Much has been made in Illinois about the Illinois Good Funds Act that affects real estate buyers and the proliferation of email scams to defraud buyers by misrouting their wired-in purchase funds. However, not much though goes into how a SELLER receives their proceeds. In most cases, a seller will receive a check at the closing table, but very few sellers actually come to a closing nowadays, instead preferring to pre-sign their closing package and skip the closing. So, now that your closing is scheduled, documents are drafted and signed, and the closing is all that’s left to be done, one question remains. How will you get your sale proceeds? Generally, there are two options available for the delivery of sale proceeds: (1) by check or (2) by wire. Our own preference is that our clients take a check. However, many folks prefer a wire. If so, here are a few things seller’s should consider about wiring their proceeds.
Wires are not instantaneous While it would seem like a wire is a “quick” way to get money from one place to another, it is actually a complex process and can take hours or even more than a day to get a wire to a particular destination.
Wiring policies are not uniform Different banks and different title companies all have their own policies when it comes to how and when they wire money. Some banks or title companies send wires on a “per wire” basis all day while others hold wires in a batch to send out once or twice a day. There is usually a “wire cut off time” after which new wires will not be sent out. Sometimes this deadline is in the early afternoon. as early as 2 or 3pm. So, if a deal closes late in the day or if the closing takes longer than anticipated, it is possible that a wire may not be ready to go out before the wire deadline resulting in a delay of one or more days.
Wire fraud is rampant Scammers have been using spoofed emails to trick home buyers into wiring funds to the wrong location for many years now. As a result, title companies have heightened concerns when it comes to wires in general and many title companies and closers have various procedures in place to try to cut down on wire fraud. Some, but not all, will want to double-check the wiring instructions with the seller before they will send a wire out after a closing is complete. That means that if a seller are unavailable to talk to the title company closer after the closing, it is possible that the wire might be delayed in being sent.
It costs money to send a wire Title companies charge to send a wire. Chicago Title routinely charges a $40 fee to wire funds. My own experience says that a Fedex overnight letter is much cheaper than a wire.
Wires are usually not reversible If a mistake is made in a wire, the sale proceeds wired are likely gone. That’s right – GONE! Unlike a check which takes a bit of time to clear and which can be stopped by the issuer, a wire usually can not be reversed. There are rare times when a receiving bank will note that something is not quite right and will not apply a wire to an account so that funds can be recovered. As a general rule, once funds are applied and placed into an account, they are generally unrecoverable.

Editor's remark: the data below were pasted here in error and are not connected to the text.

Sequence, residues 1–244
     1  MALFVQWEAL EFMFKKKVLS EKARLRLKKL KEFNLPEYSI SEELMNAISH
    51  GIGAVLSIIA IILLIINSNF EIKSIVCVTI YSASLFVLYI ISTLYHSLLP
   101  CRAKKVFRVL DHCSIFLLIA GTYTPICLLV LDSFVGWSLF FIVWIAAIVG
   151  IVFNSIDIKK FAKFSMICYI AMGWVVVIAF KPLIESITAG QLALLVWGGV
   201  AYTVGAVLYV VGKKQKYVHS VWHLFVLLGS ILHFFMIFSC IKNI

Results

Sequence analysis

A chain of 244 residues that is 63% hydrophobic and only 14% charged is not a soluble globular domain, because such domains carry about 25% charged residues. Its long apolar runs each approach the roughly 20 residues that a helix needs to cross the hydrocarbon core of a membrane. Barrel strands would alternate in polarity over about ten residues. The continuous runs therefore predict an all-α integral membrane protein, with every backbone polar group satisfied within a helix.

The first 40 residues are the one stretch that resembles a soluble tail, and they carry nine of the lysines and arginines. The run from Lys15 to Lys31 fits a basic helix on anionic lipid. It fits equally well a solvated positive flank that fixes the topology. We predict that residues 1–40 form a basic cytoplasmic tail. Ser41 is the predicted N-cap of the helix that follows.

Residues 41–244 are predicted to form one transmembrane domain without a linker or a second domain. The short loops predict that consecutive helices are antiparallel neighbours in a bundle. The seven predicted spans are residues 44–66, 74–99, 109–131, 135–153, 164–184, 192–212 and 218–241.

Wire instructions can be difficult Title companies provide a form for a seller to fill out to provide wiring instructions to the title company so that a wire can be sent. This generally requires the name of the bank, a routing number, and an account number. A seller needs to be extremely careful when filling out the form to make sure that all numbers are correct and legible. Sometimes a 7 can look like a 1 and mistakes can be made.
It is easy to get wiring instructions confused It is not uncommon for a seller to provide the wrong instructions based on what is online or making the mistake of assuming that a routing number on a check is the same number for routing a wire. Most often when dealing with non-bank financial institutions like Merrill Lynch or Charles Schwab, it is common for their wiring instructions to differ from what is on a check. Additionally, a bank will have a different routing number for a wire than it has for an “ACH” transfer (which is not a wire) and sometimes a seller will mistakenly provide ACH instructions rather than wire instructions. All of these things can lead to a delay or worse, a misrouting of wired funds.
Suffice it to say that we don’t recommend that proceeds be wired. We much prefer that our own clients pickup or receive a Fedex of their proceeds. However, in the event that a seller really wants to take the risk (of loss, delay, misrouting, or the myriad of other things that can go wrong with a wire), a seller should take caution to make sure the instruction sheet is filled out carefully and completely.